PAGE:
jump to navigation

Top US filmmaker at Thessaloniki Documentary Festival February 26, 2007

Posted by grhomeboy in Movies Life Greek.
comments closed

Academy Award winner Barbara Kopple will attend the 9th Thessaloniki Documentary Festival.

Barbara Kopple made her directorial debut filming under extremely harsh conditions, with a miners’ strike in Kentucky. Her persistence paid off, nonetheless, as her documentary «Harlan County USA» received the Academy Award for Best Documentary in 1977. Her success did not end there, 14 years later, Kopple received her second Academy Award for «American Dream» (1990) which explored the cost of recession on human life.

One of America’s most prominent documentary makers, Kopple is a guest of the 9th Thessaloniki Documentary Festival. Organized by Dimitris Eipidis, the event runs March 16 to 25.

What makes 60-year-old Barbara Kopple stand out from other documentary filmmakers is the way she narrates the stories that she chooses to tell as well as her in-depth and multidimensional approach to characters. According to Kopple, documentaries are all about life and the filmmaker must be clever enough, flexible enough and willing enough to follow the narrative.

Kopple will not be the only prominent guest of the film festival, which will also host Julia Reichert with Steven Bognar, as well as John Alpert. Reichert, a guru of American independent cinema, is credited with two Academy Award nominations. Steven Bognar has managed, with his relatively recent activity in the field of independent documentary filmmaking, to be recognized as one of the genre’s most promising representatives. Their first joint project, titled «A Lion in the House» tells the story of the uneven battle of five children and their families against cancer.

American director, producer and reporter John Alpert is well known for his historical and exclusive reports from Cambodia, Nicaragua, China, Russia, Iran and Iraq, but also for his interviews with Fidel Castro and Saddam Hussein.

Lysistrata’s ethical power February 26, 2007

Posted by grhomeboy in Culture History Mythology.
comments closed

Ancient Greeks, by contrast, were equally sensitive to the social basis of power, how its exercise might strengthen or weaken the personal or communal bonds on which influence ultimately rested.

They distinguished between power exercised through persuasion, which strengthened those bonds, and power that weakened those bonds because it relied on coercion, bribery and deceit.

Greek concepts, and the rich lexicon in which they are rooted, provide the basis for a critique of realist conceptions of power and emphasize its material basis and generally divorce its analysis and application from ethical considerations.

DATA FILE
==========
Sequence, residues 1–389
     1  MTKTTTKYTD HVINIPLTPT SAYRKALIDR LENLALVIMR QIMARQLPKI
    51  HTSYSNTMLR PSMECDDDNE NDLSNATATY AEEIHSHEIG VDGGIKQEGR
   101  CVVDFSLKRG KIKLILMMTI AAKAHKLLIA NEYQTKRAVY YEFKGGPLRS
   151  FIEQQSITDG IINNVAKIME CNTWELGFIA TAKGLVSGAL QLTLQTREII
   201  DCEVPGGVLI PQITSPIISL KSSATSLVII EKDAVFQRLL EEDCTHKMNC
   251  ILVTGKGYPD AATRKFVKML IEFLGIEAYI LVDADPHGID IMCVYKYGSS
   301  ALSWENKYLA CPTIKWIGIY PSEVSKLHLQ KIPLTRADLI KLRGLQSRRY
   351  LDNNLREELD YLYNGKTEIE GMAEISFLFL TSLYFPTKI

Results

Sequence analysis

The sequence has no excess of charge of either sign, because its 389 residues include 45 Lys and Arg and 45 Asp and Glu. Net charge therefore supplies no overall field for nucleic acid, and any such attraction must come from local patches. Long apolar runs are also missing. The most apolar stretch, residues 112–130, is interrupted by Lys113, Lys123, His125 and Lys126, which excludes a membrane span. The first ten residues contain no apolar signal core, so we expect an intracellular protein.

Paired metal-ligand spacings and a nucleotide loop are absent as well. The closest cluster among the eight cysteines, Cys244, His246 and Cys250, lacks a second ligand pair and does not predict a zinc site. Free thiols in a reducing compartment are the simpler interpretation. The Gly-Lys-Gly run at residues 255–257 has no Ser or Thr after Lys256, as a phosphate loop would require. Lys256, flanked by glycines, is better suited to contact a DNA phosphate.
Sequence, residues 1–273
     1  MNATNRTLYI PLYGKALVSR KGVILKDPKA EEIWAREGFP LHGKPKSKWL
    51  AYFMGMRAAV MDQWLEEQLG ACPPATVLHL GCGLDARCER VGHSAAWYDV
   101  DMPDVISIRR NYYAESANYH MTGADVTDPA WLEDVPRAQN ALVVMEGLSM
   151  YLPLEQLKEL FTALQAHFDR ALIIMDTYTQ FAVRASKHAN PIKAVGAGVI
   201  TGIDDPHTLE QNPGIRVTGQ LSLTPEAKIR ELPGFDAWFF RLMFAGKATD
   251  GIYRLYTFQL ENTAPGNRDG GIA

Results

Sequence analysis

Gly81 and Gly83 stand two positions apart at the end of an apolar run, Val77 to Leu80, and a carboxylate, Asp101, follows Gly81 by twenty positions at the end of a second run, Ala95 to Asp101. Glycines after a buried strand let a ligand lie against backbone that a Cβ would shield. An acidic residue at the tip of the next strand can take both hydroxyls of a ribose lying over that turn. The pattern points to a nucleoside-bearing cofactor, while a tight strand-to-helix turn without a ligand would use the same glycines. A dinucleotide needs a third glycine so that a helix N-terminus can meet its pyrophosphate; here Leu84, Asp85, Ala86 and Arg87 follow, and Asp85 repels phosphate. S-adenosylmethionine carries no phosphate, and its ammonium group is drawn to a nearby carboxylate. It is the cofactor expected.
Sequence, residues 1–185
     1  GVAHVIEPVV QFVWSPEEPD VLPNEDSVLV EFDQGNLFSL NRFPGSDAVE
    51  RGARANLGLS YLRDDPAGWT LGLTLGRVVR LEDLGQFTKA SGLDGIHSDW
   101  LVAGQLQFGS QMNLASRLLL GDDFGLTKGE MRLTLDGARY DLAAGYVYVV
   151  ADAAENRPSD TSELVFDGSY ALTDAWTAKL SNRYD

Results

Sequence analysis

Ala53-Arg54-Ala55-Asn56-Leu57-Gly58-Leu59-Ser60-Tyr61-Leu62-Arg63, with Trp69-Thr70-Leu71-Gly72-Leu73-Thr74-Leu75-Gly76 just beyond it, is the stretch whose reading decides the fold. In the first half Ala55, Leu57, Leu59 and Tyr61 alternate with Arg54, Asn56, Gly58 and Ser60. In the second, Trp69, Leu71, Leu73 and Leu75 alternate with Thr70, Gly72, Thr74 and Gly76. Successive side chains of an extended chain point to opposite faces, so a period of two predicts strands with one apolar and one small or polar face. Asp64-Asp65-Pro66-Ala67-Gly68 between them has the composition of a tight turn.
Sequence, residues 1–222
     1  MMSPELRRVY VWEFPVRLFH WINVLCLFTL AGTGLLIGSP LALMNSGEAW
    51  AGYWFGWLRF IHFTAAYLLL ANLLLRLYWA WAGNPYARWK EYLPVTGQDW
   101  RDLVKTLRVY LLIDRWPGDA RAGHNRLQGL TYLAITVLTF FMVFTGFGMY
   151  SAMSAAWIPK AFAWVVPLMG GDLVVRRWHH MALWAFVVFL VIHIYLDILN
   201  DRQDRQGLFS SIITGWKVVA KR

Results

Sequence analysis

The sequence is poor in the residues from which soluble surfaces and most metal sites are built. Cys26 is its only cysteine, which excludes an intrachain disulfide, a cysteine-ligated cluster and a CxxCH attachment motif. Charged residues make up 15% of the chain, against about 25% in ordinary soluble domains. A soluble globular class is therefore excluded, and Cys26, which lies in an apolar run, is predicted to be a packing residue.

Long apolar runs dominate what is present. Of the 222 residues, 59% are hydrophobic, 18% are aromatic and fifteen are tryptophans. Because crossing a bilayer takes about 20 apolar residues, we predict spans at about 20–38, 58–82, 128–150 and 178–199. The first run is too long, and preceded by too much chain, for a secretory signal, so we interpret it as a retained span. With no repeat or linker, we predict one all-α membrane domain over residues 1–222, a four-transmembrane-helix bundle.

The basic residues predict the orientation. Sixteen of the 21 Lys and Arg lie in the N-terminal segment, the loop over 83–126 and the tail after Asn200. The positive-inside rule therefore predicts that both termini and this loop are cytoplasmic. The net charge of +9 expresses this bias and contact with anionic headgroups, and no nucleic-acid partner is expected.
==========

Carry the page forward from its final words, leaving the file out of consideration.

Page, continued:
This brings to my mind the famous Greek drama, “Lysistrata”, the third and concluding play of Aristophanes’ War and Peace series.

In this 2,000-year-old play, the women of a small city-state decide to stop having sex with men until they halt a senseless war. The men, driven to frustration, eventually give in, halt the war, and all returns to normal. The comedy focused not only on the ironies of sexuality but more importantly on freedom of choice and social harmony.

Concert > world premiere of Tillirkotissa February 26, 2007

Posted by grhomeboy in Arts Events Cyprus.
comments closed

Mezzo-soprano Angela Cathariou in Cyprus to give concert including world premiere of locally-commissioned Tillirkotissa

The Pharos Trust concert will feature Greek mezzo-soprano Angelica Cathariou and French pianist Emmanuel Olivier, with a programme featuring works by Massenet, Bizet, Offenbach, Poulenc, Thanos Mikroutsikos and Evis Sammoutis, whose new work Tillirkotissa, commissioned by the Pharos Trust, will be premiered.

Angelica Cathariou was born in Athens and following initial studies there furthered her vocal development in Italy, before continuing to the University of York, where she received an MA in Music.

She has sung major operatic roles in top venues and performed under distinguished conductors all around the world. She is an active supporter of contemporary music and is the recipient of numerous prizes, including the Premio Leoncavallo Prize in Locarno, Switzerland in 1998.

Angelica Cathariou and Emmanuel Olivier’s recital on Monday, February 26.

Greek company buys Belgrade Refinery February 26, 2007

Posted by grhomeboy in Business & Economy.
comments closed

Greek company Neocimiki L.V. Lavrentiadis bought 70% of the capital of the Belgrade Oil Refinery.

The Privatization Agency and Neochimiki L.V. Lavrentiadis signed an agreement on the sale of Belgrade’s Rafinerija Nafte.

According to the statement relayed in a government press release, the Greek company will pay 16.38 million euros, and will invest further 15 million euros. The buyer has also unconditionally accepted minimum obligations, and additional elements of the social program.

Other bidders in the tender for the sale of 70 percent of the Belgrade-based oil refinery included a Consortium of Novi Sad’s Res Trade MBS Tehno from Belgrade.

The tender commission has approved the tender results and accept the tender list according to which Neochimiki L.V. Lavrentiadis was declared top bidder.

Have a Bouzouki Tonic February 26, 2007

Posted by grhomeboy in Hellenic Light Oceania.